Enjoy your upgrade but be ready to fend off users of the new 15" in terms of those "numbers". If I had the 15" you do, I would not have upgraded to the retina either, too close in specs and I use this hardware strictly for work, not play so I think differently about said numbers...

    P.S. I am a 13" retina user..:)
     
  8. napolean hill, Nov 17, 2013
    Last edited: Nov 17, 2013

    napolean hill thread starter macrumors member

    Joined:
    Nov 10, 2013
    #8
    yes correct, when i said i tell my friends to do the same i meant they already have a regular macbook pro and ask me whether they should upgrade to the new retina or not and i tell them no, if you want to have the speed just upgrade your system which is something you can't do with the retina. I personally just like taking things apart and making them faster. :) Im not sure how to get the edu discount if your not a student but I'm sure theres a way to do anything. But without that discount a fully maxed out retina from the apple store is around $3500 with tax. I am a commodities broker for which i use to run my charting platforms for work. Is there a NEED for faster speeds? Of course not. But since when did need become the prerequisite for doing anything fun in this world. :)
     
  9. john123 macrumors 68000

    john123

    Joined:
    Jul 20, 2001
    #9
    You're making a completely invalid comparison. Why are you talking about a "fully maxed out retina" as if it's comparable to the late 2012 refurb you bought? The CPUs on the top-of-the-line Haswell are much, much, much faster than the 2.3 Ghz Ivy Bridge model you bought. In fact, your CPU correlates most closely to the 2.0 Ghz Haswell.

    And, as the poster above noted, the PCIe storage is faster—substantially so—than the previous generation. Early benchmarks suggest comparable sequential read-write numbers to the system you put together.

    $2599 ($2399 with EDU pricing) therefore buys someone a Retina that's got a faster CPU, a faster GPU, and comparable SSD speeds. You cited the "upgradeability" of the non-Retina model, but I fail to see how that's really going to matter going forward. You may, or may not, see compatible 16GB DDR3L SDRAM upgrades in the future...and you may, or may not, see faster SSDs, although you're close to the max throughput on that old bus anyway. So really, "upgradeability" strikes me as a non-argument.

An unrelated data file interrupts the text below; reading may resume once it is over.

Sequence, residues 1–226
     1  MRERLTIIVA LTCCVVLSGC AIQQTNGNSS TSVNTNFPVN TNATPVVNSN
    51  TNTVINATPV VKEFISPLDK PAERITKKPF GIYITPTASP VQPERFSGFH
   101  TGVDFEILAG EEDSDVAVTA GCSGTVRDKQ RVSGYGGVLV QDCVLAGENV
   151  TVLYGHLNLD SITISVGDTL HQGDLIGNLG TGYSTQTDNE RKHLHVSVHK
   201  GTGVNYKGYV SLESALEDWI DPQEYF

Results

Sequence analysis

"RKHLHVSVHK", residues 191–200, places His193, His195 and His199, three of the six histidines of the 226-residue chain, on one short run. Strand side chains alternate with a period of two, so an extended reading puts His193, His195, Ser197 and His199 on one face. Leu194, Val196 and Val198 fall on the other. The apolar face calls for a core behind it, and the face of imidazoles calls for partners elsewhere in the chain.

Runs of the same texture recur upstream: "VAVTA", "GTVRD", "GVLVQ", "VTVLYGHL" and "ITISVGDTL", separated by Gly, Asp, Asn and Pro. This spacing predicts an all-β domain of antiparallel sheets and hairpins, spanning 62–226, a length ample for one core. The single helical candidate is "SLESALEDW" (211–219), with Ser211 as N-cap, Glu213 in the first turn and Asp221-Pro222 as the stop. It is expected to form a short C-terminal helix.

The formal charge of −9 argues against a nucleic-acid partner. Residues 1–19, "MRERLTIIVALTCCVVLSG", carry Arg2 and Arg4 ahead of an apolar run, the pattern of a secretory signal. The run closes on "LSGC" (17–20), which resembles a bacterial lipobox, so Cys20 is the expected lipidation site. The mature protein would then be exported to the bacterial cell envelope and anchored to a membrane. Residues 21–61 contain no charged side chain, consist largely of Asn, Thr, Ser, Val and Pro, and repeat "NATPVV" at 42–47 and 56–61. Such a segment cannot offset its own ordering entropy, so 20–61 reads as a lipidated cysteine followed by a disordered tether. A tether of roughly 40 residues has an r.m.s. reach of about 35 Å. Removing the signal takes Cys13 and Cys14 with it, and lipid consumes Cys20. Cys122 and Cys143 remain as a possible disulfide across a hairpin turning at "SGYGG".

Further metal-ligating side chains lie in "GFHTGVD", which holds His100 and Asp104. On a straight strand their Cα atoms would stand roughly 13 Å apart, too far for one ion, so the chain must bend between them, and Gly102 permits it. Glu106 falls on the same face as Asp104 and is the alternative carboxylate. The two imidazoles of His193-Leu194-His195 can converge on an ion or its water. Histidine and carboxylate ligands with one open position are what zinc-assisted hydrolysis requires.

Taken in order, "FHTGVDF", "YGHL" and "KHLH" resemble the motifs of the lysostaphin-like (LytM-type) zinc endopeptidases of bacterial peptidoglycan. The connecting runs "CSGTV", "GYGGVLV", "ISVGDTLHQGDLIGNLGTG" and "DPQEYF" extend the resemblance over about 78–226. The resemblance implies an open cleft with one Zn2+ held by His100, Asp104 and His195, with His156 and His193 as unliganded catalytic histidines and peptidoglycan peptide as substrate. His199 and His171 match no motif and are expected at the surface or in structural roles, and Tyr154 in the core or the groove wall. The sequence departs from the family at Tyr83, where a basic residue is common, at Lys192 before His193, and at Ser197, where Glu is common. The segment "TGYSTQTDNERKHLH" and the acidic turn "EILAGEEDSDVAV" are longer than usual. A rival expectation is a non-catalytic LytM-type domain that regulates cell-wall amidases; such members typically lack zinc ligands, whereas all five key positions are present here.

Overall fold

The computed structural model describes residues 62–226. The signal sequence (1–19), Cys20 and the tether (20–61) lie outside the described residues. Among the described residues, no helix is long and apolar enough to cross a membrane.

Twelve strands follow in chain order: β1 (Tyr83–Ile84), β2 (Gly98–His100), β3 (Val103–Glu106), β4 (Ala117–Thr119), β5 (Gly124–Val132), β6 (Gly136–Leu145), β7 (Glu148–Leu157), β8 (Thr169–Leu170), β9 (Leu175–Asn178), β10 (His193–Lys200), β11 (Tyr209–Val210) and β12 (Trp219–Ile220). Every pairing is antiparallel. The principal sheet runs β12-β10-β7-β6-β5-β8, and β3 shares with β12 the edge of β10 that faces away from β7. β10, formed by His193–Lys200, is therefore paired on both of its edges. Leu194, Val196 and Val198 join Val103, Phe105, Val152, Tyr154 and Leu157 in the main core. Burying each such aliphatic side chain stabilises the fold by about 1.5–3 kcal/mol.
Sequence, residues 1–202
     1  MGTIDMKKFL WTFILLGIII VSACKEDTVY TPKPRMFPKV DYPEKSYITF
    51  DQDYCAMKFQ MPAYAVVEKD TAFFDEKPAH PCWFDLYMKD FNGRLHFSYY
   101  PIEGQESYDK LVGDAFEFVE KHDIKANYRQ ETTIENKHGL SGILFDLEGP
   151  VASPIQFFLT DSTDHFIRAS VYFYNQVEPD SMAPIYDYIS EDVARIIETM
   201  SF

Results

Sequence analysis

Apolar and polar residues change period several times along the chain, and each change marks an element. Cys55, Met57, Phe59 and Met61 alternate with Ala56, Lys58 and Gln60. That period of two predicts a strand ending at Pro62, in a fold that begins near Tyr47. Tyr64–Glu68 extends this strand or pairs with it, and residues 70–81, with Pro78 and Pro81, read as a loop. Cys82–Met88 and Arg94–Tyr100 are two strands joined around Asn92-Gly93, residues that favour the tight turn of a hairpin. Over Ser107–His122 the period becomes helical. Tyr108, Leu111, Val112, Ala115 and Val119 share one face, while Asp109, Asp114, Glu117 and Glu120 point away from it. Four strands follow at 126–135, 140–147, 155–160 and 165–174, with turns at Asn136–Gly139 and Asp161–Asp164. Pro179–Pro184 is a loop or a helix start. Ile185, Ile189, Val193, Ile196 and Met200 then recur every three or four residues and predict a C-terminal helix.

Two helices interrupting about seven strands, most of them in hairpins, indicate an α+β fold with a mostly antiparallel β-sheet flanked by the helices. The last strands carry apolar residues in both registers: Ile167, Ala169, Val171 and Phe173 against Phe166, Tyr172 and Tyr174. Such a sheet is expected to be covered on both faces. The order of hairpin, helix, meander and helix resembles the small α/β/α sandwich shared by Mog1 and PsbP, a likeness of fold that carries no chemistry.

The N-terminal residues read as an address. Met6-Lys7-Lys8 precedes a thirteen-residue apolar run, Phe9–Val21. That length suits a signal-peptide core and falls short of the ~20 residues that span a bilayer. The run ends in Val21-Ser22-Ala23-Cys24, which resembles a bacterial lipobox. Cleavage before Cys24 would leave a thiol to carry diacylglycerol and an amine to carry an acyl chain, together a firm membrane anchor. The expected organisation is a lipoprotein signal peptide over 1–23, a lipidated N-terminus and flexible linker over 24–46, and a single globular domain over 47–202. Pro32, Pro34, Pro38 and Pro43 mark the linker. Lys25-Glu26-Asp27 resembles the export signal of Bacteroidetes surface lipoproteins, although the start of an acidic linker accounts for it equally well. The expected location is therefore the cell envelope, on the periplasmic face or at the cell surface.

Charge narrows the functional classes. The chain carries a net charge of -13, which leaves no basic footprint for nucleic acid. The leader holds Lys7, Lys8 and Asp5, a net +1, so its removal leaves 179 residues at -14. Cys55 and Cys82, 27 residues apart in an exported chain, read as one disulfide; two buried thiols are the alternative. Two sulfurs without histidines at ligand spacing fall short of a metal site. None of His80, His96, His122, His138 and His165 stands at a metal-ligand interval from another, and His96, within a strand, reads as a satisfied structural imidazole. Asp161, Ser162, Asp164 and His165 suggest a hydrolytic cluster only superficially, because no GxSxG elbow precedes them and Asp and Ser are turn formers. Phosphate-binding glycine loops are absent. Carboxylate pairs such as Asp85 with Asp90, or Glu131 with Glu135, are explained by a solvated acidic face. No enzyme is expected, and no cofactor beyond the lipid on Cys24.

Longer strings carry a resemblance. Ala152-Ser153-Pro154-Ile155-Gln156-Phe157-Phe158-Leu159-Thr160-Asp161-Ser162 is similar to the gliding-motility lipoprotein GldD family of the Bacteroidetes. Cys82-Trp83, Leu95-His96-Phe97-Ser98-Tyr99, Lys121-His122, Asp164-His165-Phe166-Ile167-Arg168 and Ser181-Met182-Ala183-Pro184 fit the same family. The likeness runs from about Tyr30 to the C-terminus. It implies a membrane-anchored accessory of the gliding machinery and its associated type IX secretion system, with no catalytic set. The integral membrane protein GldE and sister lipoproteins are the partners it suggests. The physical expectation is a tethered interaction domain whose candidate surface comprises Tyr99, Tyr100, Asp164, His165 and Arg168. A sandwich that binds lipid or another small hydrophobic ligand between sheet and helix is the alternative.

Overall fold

It's cool if you had fun and enjoyed it...but let's be intellectually honest with our comparisons.
     
  10. napolean hill thread starter macrumors member

    Joined:
    Nov 10, 2013
    #10
    I don't know where all this hates coming from? All i was doing was saying thanks to the guys who helped me out and posting the results. Sounds like some of you are looking to justify spending over 3k for a laptop thats going to be outdated next year when the new one comes out anyway. Again, i didn't buy a refurbished one i had this one already and when it came time to decide whether i was going to upgrade or buy a 15 in fully maxed retina, i decided to do what i did. Its not for everyone but it worked for me. This edu you speak of is only for certain people who qualify for edu, so that to me is a non argument since were speaking in general terms and not selected individuals. I have two 840 pros which imho are better or just as good as apples that i bought for the same price you paid for one. And i saved over 1500 dollars not upgrading. Because i don't get "edu". So are there pros and cons in comparison to the new retina? of course there are. I never posted this thread as a comparison to the new retina in any way, i simply stated that if people were in my position with a late 2012 iMac they could use this option and achieve pretty much identical operational speed to the retina, minus the new screen thats all i said. I already own a brand new 2013 maxed out iMac with a 768 ss 32 gb ram etc, i have two thunderbolt screens 27 inches that i use with it as well, i am in no way "jealous" of anyone with a retina, if i wanted a retina id buy it. However it seems to me some of you are second guessing your purchases of the new retina?? food for thought my friend